Theater for an unlikely audience
A Minnesota troupe brings the timeless humor and complexities of Shakespeare to the homeless, prisoners, and the like.
In a harshly lit classroom, a group of women sling bawdy insults; act out knotty pantomimes of love, death, and sex; and egg on a crowd arranged in a lazy semicircle around the tiled floor. The play is "Twelfth Night," one of Shakespeare's most sublime comedies and one of his most complex.Skip to next paragraph
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But the set is threadbare here at the American Indian Opportunities Industrialization Center, a nonprofit based in southeast Minneapolis. Props are few and well-worn; the music is piped in over tinny speakers. And without an offstage area, the actors – all women, in a twist on the original casting – are forced to change for each scene behind a row of chairs, in clear view of the audience.
It's a scene familiar to Michelle Hensley, the play's earnest director and the founder of local theater group Ten Thousand Things. Nearly two decades ago, Hensley staged her first production of "The Good Person of Szechwan," by famed German playwright Bertolt Brecht, in the cluttered annex of a Santa Monica, Calif., homeless shelter. Later, after moving to Minneapolis, she expanded her scope, stopping in at prisons, youth centers, and retirement communities. The more unlikely the venue, as Hensley recalls it, the better – and the more raucous, the more rewarding for Ten Thousand Things troupes.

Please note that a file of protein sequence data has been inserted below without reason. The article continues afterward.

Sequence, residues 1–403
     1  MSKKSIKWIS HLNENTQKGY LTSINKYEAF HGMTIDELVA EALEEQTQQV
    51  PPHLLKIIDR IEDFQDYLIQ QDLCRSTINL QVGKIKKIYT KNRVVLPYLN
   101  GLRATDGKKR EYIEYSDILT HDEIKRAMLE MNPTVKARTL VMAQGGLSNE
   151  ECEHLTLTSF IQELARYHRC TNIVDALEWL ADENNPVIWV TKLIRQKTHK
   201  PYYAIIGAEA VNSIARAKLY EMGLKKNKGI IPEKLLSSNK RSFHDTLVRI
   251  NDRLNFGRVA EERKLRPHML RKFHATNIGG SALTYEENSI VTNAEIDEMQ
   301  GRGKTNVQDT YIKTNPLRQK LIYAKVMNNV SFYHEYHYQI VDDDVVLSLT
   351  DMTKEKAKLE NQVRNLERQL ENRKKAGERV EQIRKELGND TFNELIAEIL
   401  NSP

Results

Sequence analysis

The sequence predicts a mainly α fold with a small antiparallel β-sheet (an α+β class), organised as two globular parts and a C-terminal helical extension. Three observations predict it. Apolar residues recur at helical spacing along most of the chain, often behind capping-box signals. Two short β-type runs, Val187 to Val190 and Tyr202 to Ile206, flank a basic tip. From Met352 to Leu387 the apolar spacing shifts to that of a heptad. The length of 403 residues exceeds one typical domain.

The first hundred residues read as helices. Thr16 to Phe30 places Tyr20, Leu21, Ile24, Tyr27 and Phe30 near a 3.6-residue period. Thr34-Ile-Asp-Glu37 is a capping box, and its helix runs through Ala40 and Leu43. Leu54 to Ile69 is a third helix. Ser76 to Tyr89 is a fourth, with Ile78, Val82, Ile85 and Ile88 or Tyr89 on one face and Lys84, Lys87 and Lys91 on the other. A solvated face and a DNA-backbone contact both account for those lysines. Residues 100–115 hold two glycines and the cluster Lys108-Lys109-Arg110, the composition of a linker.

"There are so many people who will never cross the threshold into a regular theater, for reasons that have nothing to do with the ticket price," Hensley says. "They worry, for instance, about how to dress or how to behave. We found pretty rapidly that people would tell us, 'I can't believe you'd bother with us. Thank you for making us feel like part of the human community.' It's an amazing intimacy, and one you couldn't get in a normal theater setting."
The Ten Thousand Things model remains something of an anomaly in the theater world – a well-respected organization, staffed by a rotating cast of professional actors, that eschews traditional stages altogether. As a critic for a local paper wrote recently, "It's a delicious irony that to see some of the most skilled theater in the Twin Cities, you must journey to the least prosperous fringes." Ten Thousand Things has a loyal following among theater fans across Minneapolis, and Hensley reserves a limited number of seats at most performances for the general public. She then pipes that money back to the actors' salaries. These days, a Ten Thousand Things role is one of the best-paying gigs in town, only lagging behind one at the marquee Guthrie Theater.
It's a cycle that has produced legions of "very, very loyal fans," says Tom Gau, who has pulled up front-row seats to "Twelfth Night." "I try to catch all the performances, no matter where they are," Mr. Gau says. "They always have the most interesting actors." Gau is not alone – Hensley says that nearly every seat open to the public was sold out shortly after the tour schedule was announced.